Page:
- Audio CD: 7 pages
- Publisher: Caedmon; Unabridged edition (February 28, 2006)
- Language: English
- ISBN-10: 0060878770
- ISBN-13: 978-0060878771
- Product Dimensions: 5 x 1 x 5.5 inches
- Shipping Weight: 7.2 ounces (View shipping rates and policies)
- Average Customer Review: 1,389 customer reviews
- Amazon Best Sellers Rank: #420,806 in Books (See Top 100 in Books)
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The Bell Jar CD Unabridged Edition
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About the Author
Sylvia Plath was born in 1932 in Massachusetts. Her books include the poetry collections The Colossus, Crossing the Water, Winter Trees, Ariel, and Collected Poems, which won the Pulitzer Prize. A complete and uncut facsimile edition of Ariel was published in 2004 with her original selection and arrangement of poems. She was married to the poet Ted Hughes, with whom she had a daughter, Frieda, and a son, Nicholas. She died in London in 1963.
Top customer reviews
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The autobiographical novel by Sylvia Plath, describing her painful ordeal when she becomes mentally ill is such a book.
This could have been a thoroughly depressing and self centred story in the hands of another and many may assume this when reading the blurb.
However do not be put off, because The Bell Jar is anything BUT depressing.
Plath writes with great humour and I laughed out loud more than once.
She also writes with the intelligence and skill of someone twice her age.
Her battle with mental illness (Bipolar Disorder) and her eventual recovery is written so honestly, so brilliantly I was more than impressed.
Of course there is sadness in the aftermath of the book because we know she actually took her own life at aged thirty, the same year The Bell Jar was published.
The world is a little worse off with the loss of this wonderful talent.
Anyone who has any inkling of how The Black Dog can grab you by the scruff of the neck from out of the blue will appreciate this book and anyone who simply enjoys outstanding literature will be equally impressed.
A great talent.
The story opens with Esther in New York, during the summer of her collegiate years, working and modeling for a prestigious NY magazine. Through many obscure and complex observations, we slowly get a picture of her; Boston suburbanite, Smith college-type on scholarship, the world literally at her feet. But it is, still at these beginning stages, the random comment or action that begins to creep in to her personality that makes the reader aware that something is not quite right. Sure enough, as we move on, Esther becomes more and more un-hinged, doing things far outside of her personality.
Soon we reach a point where she attempts suicide and discusses suicide as the answer to get her out from “under the Bell Jar.” The literary ease with which we go from NY magazine model to suicide victim is stark…I found myself having to put the book down occasionally to internalize what I’d just read. This is really an amazing ability that Plath had…flowing from one emotion to the other without noticing until the full force of Esther’s actions take hold. Where the first third of the novel is fairly light, the last two thirds are riveting, very difficult to put down. It’s very hard to understand how Plath had difficulty getting this work published…only under a pseudonym in 1963 London and not until 1971 in the U.S. after it had been turned down, harshly, by publisher Harper & Row. Today it is printed and re-printed in many languages and enjoys its well-deserved place among the literary classics.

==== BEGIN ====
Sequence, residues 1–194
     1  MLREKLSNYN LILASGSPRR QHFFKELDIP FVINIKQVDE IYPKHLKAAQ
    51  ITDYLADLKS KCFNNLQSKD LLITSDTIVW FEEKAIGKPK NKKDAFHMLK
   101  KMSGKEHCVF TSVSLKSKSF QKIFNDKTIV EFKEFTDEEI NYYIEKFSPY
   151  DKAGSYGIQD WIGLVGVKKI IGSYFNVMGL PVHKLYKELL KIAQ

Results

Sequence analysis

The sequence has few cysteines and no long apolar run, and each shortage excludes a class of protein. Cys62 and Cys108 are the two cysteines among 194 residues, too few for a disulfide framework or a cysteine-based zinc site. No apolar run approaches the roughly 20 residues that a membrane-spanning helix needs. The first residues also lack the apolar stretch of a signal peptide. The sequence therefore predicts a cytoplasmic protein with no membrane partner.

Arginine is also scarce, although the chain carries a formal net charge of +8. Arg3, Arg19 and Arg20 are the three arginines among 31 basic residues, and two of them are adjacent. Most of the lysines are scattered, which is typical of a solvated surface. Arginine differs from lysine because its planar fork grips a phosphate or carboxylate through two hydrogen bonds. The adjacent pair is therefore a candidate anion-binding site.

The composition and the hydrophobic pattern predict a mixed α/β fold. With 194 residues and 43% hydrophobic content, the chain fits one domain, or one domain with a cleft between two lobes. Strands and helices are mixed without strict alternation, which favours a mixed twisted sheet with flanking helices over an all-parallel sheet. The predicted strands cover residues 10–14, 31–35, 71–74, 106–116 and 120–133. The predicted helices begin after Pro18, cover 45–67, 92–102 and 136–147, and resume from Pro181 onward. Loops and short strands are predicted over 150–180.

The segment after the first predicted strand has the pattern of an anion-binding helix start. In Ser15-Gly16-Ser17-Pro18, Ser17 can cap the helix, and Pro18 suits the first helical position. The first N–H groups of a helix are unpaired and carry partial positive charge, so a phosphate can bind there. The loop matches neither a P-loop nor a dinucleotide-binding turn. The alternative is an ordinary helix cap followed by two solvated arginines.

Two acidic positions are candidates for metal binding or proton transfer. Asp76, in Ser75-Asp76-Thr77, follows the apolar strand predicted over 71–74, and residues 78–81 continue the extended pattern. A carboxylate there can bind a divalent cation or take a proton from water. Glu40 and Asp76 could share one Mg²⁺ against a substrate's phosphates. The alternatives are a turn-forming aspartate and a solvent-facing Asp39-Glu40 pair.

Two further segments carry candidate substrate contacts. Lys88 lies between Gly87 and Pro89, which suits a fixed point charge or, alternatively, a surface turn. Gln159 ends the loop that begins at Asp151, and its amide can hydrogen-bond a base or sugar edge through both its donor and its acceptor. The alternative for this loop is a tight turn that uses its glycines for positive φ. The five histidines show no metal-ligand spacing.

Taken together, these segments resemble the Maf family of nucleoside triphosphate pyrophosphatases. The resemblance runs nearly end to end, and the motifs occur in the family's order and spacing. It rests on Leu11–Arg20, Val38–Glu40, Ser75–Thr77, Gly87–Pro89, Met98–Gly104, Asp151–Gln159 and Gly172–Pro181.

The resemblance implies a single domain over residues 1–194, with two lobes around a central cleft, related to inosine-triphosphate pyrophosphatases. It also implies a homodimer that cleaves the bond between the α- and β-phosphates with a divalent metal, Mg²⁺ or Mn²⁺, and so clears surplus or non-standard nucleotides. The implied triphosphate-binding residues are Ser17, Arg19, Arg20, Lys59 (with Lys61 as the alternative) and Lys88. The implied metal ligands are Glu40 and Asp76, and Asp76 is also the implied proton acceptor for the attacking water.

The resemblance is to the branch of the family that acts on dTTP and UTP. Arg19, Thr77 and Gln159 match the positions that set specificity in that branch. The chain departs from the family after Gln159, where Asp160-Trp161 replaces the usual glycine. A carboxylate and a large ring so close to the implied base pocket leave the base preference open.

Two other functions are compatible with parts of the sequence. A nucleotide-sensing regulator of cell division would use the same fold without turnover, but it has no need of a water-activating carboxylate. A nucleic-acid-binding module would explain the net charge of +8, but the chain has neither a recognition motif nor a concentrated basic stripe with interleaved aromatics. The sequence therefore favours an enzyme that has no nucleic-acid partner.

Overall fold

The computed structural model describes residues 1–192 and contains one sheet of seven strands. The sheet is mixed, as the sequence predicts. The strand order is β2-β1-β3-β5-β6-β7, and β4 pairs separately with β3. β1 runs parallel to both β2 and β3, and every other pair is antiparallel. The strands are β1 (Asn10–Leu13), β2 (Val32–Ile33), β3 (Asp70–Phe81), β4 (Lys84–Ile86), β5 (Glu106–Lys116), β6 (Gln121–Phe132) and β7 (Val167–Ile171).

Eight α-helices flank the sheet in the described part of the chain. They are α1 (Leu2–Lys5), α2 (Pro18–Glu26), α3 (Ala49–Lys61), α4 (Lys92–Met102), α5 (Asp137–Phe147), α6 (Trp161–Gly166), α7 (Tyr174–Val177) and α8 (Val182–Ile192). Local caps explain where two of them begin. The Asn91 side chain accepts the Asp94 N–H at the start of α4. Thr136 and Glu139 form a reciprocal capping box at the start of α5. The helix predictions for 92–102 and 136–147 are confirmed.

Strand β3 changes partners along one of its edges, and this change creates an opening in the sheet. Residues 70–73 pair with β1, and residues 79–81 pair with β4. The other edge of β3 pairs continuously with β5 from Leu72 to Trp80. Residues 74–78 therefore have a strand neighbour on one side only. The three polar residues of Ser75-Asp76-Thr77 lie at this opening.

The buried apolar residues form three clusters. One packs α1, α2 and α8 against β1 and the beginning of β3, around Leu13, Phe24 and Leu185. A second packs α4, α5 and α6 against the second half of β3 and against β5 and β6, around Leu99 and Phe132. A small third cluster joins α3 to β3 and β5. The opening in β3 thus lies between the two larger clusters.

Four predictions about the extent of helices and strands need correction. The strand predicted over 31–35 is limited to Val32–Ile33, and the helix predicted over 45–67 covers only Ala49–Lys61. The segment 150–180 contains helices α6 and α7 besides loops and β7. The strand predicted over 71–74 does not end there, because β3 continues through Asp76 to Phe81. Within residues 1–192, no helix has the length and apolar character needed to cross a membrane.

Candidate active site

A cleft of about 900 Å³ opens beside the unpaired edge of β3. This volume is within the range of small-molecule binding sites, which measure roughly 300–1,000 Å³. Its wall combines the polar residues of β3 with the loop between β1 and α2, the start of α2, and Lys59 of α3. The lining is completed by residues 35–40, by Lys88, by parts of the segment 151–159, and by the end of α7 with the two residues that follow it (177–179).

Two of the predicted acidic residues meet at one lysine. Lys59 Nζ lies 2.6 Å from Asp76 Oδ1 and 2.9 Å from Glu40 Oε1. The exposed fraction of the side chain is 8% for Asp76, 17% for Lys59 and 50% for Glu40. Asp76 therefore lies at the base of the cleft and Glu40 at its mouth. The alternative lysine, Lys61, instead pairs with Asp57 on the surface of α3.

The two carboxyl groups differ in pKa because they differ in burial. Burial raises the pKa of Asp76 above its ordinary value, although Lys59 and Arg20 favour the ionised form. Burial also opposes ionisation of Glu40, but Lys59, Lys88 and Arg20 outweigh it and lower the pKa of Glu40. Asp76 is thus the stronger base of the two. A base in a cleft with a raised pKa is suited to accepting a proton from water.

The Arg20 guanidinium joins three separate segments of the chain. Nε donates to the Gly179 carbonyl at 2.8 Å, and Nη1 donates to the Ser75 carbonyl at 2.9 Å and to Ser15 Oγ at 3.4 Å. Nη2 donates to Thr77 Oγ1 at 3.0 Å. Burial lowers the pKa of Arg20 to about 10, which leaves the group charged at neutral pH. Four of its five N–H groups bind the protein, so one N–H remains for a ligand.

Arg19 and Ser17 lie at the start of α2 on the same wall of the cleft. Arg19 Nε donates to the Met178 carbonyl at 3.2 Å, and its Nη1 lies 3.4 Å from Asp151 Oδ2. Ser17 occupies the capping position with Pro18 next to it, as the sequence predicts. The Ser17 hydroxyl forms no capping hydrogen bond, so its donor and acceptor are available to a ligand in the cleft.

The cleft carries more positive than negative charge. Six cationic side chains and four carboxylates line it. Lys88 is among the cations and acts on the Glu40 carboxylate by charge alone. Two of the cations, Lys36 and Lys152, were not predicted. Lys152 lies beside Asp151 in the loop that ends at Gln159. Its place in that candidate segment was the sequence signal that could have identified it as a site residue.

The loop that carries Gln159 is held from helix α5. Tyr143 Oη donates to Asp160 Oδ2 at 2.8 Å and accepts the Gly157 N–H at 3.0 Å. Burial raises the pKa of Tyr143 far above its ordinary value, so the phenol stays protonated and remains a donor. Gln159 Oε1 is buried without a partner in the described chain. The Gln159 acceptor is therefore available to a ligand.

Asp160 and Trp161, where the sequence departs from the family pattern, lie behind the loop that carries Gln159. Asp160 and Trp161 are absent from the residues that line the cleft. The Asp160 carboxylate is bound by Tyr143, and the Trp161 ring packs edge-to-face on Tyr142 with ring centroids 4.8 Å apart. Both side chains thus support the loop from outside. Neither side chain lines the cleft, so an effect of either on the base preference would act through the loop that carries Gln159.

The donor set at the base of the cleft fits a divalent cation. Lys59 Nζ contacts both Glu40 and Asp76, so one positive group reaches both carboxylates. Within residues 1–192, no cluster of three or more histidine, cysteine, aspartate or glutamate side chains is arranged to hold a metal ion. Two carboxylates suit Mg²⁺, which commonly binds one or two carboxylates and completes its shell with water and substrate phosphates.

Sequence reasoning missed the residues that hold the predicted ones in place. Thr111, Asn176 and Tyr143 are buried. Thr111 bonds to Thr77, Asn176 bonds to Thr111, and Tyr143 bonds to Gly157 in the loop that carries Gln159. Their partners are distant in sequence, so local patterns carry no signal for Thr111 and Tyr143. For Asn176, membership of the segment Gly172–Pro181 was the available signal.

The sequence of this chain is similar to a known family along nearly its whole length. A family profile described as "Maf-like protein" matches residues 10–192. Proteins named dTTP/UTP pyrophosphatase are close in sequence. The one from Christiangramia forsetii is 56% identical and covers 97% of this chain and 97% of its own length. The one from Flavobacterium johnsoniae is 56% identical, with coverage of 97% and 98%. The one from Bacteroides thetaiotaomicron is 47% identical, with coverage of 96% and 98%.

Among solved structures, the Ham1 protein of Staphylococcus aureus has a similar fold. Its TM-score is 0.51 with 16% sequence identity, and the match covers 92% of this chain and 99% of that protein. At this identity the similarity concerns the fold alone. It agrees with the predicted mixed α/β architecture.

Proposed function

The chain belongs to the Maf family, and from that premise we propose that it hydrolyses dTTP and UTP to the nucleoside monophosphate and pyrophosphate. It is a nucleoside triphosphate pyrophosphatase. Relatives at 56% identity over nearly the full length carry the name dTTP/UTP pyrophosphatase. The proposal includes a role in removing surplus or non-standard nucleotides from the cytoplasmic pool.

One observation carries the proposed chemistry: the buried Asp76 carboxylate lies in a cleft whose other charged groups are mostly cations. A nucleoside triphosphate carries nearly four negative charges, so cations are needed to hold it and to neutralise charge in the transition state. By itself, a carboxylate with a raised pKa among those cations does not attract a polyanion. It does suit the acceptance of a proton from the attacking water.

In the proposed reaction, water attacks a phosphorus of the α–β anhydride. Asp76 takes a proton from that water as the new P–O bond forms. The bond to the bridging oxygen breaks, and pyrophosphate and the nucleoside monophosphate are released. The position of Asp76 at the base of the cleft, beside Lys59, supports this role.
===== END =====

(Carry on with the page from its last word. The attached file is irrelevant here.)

To summarize, if one decides to delve into the classics, you can’t go wrong with this work. Dark, even frightful at times but always flowing and well written, The Bell Jar is both a stark referendum on mental illness and an amazing reading experience.
The elephant-in-the-room when reading this is A) it is known to be semi-autobiographical, and B) Sylvia Plath ended up committing suicide. That might for account how richly Plath captures depression -- how you rationalize the little things, the abrasive way nice, shiny, perfect things in the world exist around you, and the fear you can never feel the way you used to again. And I think the authenticity combined with Plath's stellar language (you can't take the poetry out of the poet) makes this probably among the best novels ever written about depression. The way Esther mulls over her virginity, her mother, her ex-boyfriend, and how to kill herself are enrapturing from beginning to end.
To me this is more 4.5 stars (or even 4.49), but rounded up because even the dullest parts of the novel are carried by witty narration and rhythmic prose. I don't think there'll be much to the story that will surprise a modern reader -- many stories have since followed the same structure of a young woman struggling with depression -- but none of them have the grace, humor, and merciless touch of Plath's words.